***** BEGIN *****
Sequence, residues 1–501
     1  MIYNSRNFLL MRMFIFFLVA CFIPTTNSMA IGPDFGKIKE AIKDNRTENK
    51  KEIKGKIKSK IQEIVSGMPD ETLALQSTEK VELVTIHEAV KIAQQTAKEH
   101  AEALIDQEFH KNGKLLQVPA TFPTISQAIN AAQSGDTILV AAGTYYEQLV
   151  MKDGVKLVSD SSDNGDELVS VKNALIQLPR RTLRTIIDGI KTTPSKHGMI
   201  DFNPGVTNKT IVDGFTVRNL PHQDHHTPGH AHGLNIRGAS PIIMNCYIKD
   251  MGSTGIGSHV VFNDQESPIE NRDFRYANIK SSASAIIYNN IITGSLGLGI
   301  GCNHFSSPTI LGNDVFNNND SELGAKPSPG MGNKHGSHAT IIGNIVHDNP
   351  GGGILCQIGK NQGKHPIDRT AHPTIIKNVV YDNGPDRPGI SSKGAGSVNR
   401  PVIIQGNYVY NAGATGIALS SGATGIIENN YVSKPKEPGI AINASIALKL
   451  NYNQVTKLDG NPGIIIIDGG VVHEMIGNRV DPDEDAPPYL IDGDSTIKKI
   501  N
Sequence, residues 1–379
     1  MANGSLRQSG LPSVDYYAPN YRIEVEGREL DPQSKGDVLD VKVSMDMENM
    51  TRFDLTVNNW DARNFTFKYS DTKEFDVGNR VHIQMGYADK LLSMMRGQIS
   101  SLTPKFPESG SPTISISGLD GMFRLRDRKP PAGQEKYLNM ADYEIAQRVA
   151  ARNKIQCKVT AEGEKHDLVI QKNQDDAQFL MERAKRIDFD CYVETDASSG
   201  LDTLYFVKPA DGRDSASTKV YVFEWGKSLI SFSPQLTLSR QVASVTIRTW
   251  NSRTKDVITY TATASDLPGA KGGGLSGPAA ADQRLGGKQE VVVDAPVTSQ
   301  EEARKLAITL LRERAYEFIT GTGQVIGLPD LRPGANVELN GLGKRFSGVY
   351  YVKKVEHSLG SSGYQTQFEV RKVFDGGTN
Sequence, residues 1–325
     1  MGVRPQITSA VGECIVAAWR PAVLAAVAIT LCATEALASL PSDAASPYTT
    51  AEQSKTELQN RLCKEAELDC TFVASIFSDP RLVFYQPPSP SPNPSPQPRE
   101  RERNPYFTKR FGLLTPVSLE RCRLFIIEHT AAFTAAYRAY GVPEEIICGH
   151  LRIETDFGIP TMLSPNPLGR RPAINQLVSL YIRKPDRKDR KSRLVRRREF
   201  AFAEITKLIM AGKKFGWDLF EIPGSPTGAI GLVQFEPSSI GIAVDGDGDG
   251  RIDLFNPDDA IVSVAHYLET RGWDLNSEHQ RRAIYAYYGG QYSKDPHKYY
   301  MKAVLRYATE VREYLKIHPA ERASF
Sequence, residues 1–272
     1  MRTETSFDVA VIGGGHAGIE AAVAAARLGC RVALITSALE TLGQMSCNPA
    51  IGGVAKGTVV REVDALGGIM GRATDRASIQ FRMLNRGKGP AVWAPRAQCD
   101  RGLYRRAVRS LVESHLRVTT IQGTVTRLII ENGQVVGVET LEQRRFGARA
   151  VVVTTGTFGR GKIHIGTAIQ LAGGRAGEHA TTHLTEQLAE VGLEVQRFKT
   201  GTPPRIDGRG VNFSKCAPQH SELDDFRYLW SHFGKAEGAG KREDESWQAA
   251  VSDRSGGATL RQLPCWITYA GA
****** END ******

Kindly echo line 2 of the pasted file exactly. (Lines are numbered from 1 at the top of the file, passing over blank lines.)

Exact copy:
     1  MIYNSRNFLL MRMFIFFLVA CFIPTTNSMA IGPDFGKIKE AIKDNRTENK